Weighing in on the bank fees debate - CaPRI
The following is a contribution from the Caribbean Policy Research Institute.
Are bank fees too high?
Jamaica's largest bank, NCB, made a record-breaking $14 billion in profits last year, up 17 per cent from the previous year. The second-largest, Scotiabank, made $12 billion up to October last year - a 14 per cent increase. With returns like these, it's hardly surprising that members of the public have been crying out against high banking fees.
Exacerbating the effect was the $1,385 fee Scotiabank began charging to cash a cheque from other banks in November - an almost 900 per cent increase from its previous fee. This was subsequently reduced to $385 the following month, due to the public outcry. This, along with the anomaly of charges levied on fairly commonplace activities, has led many observers to characterise these charges as unfair. But are bank fees actually too high?
CaPRI, in 2014, released a study on the issue, seeking to provide clarification by highlighting the driving forces behind trends in Jamaican bank fees and charges. This study demonstrated that in Jamaica, since the mid- to late-2000s, income earned by banks from fees and commissions has increased significantly, as has been the case in many other economies since the early 1990s. The data presented provided some preliminary support for the conjecture that Jamaican banks increased fees in a bid to maintain profit levels amid declining interest revenues. The trends suggest that decreasing net interest income and net fees and commissions caused profits to fall in 2006, to which banks responded by increasing both net interest income, and net fees and commissions in 2007.
Although providing little comfort, the data (2010 to 2011) also support the fact that fees charged by Jamaican banks are not generally significantly higher than those of banks in other parts of the world.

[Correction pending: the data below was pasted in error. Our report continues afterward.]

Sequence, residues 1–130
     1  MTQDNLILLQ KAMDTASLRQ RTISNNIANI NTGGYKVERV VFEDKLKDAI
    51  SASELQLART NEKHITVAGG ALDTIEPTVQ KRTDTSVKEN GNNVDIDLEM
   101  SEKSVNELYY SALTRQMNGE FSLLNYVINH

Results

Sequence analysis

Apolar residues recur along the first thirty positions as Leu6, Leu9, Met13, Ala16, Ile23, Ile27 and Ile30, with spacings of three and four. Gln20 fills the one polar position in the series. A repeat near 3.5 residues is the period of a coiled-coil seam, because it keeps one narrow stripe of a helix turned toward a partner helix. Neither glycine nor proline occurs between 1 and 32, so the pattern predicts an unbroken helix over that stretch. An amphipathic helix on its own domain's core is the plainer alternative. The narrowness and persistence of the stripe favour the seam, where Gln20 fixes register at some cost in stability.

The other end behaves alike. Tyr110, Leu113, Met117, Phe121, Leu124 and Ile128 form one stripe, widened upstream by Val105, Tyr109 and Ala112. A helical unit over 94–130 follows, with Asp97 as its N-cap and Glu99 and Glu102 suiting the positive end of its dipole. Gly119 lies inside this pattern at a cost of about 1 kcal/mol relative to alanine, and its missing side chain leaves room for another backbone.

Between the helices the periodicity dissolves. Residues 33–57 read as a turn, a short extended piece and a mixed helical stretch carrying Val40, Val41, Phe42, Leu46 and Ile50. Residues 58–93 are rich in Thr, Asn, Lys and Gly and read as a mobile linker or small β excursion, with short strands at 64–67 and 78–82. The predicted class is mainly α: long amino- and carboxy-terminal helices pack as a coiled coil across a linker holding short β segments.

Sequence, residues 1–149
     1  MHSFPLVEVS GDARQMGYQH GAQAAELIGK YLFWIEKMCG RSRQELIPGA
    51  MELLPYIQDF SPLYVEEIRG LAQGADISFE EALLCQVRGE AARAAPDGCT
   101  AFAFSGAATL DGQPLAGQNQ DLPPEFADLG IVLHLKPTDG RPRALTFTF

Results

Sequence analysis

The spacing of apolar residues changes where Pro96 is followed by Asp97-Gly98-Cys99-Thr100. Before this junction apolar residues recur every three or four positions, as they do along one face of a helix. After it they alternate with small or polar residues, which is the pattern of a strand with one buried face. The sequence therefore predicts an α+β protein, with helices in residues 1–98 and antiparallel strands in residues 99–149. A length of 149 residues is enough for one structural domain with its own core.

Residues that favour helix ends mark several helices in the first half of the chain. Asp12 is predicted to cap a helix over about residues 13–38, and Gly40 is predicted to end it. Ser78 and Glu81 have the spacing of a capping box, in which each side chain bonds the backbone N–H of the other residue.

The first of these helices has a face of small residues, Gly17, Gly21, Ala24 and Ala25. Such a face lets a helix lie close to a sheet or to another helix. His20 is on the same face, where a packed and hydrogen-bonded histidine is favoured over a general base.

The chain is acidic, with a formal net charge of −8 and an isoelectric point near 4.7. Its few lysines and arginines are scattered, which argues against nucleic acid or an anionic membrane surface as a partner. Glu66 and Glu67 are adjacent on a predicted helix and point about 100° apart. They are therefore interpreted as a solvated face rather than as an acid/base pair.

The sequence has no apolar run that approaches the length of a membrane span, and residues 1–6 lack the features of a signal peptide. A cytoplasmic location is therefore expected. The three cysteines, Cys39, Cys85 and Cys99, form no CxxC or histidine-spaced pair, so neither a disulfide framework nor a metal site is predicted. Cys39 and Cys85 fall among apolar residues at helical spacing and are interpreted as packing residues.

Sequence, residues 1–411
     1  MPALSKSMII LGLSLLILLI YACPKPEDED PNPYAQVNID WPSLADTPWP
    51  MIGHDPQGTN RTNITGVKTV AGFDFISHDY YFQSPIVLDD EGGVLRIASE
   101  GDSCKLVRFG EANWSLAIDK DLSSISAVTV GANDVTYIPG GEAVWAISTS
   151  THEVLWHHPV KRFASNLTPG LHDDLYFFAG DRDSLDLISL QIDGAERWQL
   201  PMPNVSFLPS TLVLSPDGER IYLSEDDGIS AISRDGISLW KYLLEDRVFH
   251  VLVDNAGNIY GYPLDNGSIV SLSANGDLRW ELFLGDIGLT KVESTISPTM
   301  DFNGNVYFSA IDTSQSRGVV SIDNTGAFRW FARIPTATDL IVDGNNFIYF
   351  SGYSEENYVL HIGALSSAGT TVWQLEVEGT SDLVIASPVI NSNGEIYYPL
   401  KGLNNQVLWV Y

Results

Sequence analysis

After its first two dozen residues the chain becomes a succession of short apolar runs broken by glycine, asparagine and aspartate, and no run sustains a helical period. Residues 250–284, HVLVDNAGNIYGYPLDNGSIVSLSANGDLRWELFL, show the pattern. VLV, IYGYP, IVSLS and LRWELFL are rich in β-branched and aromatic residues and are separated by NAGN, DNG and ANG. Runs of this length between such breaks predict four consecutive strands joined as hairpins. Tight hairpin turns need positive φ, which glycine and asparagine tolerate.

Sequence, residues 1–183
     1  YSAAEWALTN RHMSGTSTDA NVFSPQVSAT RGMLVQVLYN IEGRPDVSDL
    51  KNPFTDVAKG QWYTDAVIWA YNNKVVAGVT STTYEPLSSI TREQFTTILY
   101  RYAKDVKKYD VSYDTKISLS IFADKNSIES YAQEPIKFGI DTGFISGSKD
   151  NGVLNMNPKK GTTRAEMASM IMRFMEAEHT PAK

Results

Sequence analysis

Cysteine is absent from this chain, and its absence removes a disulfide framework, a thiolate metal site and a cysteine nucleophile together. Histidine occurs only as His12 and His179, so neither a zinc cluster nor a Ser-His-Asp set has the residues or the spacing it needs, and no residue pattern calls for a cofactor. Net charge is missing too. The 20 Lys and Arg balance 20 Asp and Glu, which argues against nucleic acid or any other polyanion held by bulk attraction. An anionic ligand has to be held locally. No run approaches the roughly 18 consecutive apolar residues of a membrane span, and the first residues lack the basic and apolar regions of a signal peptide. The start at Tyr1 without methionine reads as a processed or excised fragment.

CAPRI's assessment indicates that the international trend of increased profits from heightened bank fees is partially due to a proliferation of relatively large banks, and banks that operate in more than one market. Banks which have been impacted by lowered interest revenues have also been shown to profit more from fees charged, reinforcing a popular perception of such banks as opportunistic.
Other results, however, provide a more nuanced picture. In spite of having relatively low interest revenues, the banks that earn the most from their fee-based services tend to be well-managed institutions, maintaining high standards of efficiency, solvency and liquidity.
These banks also seem to have positioned themselves to focus on fee-based activities, as they were shown to spend relatively large sums of money on building the technological capacity needed to offer extensive fee-based services. In addition, where banks incur increased costs in providing services, these costs are typically passed on to consumers through higher fees; how easily these fees are passed on to the consumers is relative to the degree of competition in the financial sector.
CaPRI found that in Jamaica, as it is internationally, the tendency towards higher bank fees also reflects customers' demands for increasingly sophisticated financial services, and the availability of said services.
In addition, the results indicate that bank fees tend to be higher in financial sectors in which a few large banks control a large share of the total assets of the industry, as in the case of Jamaica.
Regulators are now grappling with increased pressure to manage the tendency of multinational banks to earn higher profits from fees. Very few would seek to expel such banks from the market in an attempt to lower fees, and even if they did, the consequence would be lowered competition in the local banking sector, which has been shown to cause heightened fees.
In addition, although higher standards of efficiency, solvency and liquidity, along with greater sophistication of the services supplied by the banking sector have been shown to be associated with higher profits from fees, regulators clearly would have no desire to reduce any such standards.
While these fees remain a pressing concern, CaPRI's findings and analysis warn against the proposals to cap fees. This proposal have wisely been rejected in most countries. Regulators do not have any control over how banks internally allocate their costs between different products and services.
Increased lending rates
Just as how the data showed that reduced net interest income led to increased reliance on fee income, a cap on fees is likely to cause banks to increase lending rates in a bid to maintain overall returns, in turn incurring higher borrowing costs. The results also suggest that popular efforts to force banks to provide customers with increased and more accurate and accessible information on fees, while increasing the cost of service provision, may precipitate an increase in fees, as banks seek to pass on the increased costs to consumers.
The analysis suggest that lobbying efforts by powerful persons and groups in society can yield some fruit in countries where such groups are highly regarded, as can increased assertiveness by local consumers. Ultimately, however, increased competition in the banking sector is needed if fees are to be lowered on a sustained basis.